On Apr 25, 5:41pm, Valerie Bruce wrote:
> Subject: Re: Internet influence on rural development
> Abongwa Ndumu wrote:
> >I'll go for the reverse effect here. I think we need to develop the
> >Internet in Africa to reverse western imperialism. If a lot Africans
> >have access to the Internet, we can start pumping bytes of African culture
> >values to the rest of the world.
> Which strata of African societies are you referring to? "....a lot...."
> The elites in gov't and in universities? Many of whom are Western
> educated, and are familiar with Western culture? The peasants, to whom the
> internet means nothing, at least in its current form?
> Why don't you start right now? "....start pumping bytes of African culture
> and values to the rest of the world." Give us some examples, to illustrate
> your point.
> Valerie Bruce
> [log in to unmask]
>-- End of excerpt from Valerie Bruce
I am surprised that you have not seen the plethora of information on the
Internet concerning African affairs. Perhaps, you were not looking for it, but
it is there. There is anxiety upon some developing nations that the Internet is
intrusive and that netizens are forced to learn English and subject themselves
to a barrage of Western-oriented information. So there are many initiatives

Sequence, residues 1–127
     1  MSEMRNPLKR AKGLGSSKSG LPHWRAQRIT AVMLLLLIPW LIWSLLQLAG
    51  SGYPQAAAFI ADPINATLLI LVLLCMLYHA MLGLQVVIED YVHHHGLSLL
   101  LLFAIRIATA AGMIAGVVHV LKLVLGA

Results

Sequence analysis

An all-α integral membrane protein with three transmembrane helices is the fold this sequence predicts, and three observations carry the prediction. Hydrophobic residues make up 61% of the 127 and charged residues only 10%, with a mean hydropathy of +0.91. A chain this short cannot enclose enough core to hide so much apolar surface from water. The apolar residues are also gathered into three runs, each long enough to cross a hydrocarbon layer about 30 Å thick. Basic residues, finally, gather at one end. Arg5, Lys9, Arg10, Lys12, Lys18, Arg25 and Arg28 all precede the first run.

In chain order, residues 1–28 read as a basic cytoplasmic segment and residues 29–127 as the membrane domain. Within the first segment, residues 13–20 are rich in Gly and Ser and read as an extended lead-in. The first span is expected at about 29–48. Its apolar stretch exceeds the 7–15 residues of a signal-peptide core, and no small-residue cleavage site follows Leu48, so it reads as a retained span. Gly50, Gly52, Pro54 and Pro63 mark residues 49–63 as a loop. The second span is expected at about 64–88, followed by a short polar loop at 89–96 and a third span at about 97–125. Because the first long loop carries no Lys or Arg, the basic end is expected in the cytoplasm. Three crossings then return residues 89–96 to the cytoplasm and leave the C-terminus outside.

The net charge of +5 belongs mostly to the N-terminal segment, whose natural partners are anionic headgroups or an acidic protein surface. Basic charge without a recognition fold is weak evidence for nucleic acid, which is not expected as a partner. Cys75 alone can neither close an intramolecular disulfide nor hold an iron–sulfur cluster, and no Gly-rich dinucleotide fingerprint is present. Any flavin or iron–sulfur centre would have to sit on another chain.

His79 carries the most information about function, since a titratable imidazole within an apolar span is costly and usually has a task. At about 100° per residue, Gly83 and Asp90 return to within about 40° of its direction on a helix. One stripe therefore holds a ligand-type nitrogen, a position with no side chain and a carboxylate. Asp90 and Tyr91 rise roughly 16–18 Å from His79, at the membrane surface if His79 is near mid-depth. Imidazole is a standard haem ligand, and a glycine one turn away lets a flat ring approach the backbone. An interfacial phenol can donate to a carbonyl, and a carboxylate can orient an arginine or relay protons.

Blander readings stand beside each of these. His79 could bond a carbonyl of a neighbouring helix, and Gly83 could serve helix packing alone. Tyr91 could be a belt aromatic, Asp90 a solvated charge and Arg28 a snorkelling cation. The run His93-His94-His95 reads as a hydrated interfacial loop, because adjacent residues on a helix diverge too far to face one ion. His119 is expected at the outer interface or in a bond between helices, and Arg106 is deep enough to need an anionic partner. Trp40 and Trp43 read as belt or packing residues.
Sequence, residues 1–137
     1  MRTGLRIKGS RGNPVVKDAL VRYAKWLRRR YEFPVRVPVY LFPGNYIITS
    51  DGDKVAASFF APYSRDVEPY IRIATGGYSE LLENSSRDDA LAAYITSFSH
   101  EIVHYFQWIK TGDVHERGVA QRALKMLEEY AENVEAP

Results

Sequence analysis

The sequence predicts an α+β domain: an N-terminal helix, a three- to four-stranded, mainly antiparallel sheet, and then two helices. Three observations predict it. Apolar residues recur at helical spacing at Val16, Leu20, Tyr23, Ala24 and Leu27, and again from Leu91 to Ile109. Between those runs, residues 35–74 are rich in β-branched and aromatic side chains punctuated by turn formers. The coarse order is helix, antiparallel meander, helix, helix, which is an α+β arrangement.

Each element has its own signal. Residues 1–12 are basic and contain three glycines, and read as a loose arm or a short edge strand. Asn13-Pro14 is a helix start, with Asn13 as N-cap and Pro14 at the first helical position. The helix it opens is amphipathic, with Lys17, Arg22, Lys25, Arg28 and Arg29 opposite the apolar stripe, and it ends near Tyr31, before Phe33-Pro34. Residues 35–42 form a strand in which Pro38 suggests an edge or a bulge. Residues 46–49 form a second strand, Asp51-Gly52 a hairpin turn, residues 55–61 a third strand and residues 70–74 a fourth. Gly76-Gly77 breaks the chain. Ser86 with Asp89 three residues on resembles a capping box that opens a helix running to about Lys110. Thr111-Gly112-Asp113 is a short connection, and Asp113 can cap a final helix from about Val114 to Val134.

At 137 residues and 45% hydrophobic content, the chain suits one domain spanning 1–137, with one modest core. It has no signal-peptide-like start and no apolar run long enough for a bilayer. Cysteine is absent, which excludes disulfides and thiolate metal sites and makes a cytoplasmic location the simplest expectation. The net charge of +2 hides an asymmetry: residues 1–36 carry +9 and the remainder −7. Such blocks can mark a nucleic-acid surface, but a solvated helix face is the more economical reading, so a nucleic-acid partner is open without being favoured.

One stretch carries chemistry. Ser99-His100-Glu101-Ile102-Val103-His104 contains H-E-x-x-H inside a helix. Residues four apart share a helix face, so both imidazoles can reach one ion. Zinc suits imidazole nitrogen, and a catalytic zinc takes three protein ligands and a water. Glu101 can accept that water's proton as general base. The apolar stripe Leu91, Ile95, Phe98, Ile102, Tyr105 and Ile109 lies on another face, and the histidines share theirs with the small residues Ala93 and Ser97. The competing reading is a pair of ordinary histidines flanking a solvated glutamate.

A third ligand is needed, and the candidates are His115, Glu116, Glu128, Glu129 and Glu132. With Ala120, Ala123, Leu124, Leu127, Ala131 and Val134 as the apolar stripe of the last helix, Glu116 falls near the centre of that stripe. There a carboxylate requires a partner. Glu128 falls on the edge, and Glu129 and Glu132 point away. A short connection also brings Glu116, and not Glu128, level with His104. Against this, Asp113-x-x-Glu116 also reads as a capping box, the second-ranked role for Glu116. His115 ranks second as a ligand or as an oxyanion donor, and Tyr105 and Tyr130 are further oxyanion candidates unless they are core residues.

(strongly supported by Japan) to produce multilingual and multicultural
Internet services. Perhaps this is a start.
While I understand your point very clearly and have read literature eluding to
your "techno-imperialism" hypothesis, there is definitely an opportunity for
Africans and those of other developing countries to begin to make a presence on
the Net. When you say Western educated, you REALLY mean Western 'trained'.
There is a big difference between education and training. Most Africans are
'educated' at home long before venturing outside of their villages and have a
deeply-rooted value system that they never relinquish. There is a saying the
the fruit never falls far from its branches.
Saying this, I believe that most Africans would jump at the opportunity to
exhibit the pride of their culture the the world's 5 billion citizens. Of
course you and I know that Africa has quite a way to go in terms of mere
awareness of the importance of this type of technology. However, I am in total
agreement with Mr. Nduma and the reverse effect of Internet information
diffusion. He did not say it would happen overnight, nor did he say it would be
an easy task to accomplish this. We all know that the English language and
Western orientation of the Internet will exist for a long time.
Clark Atlanta University
Atlanta, GA 30314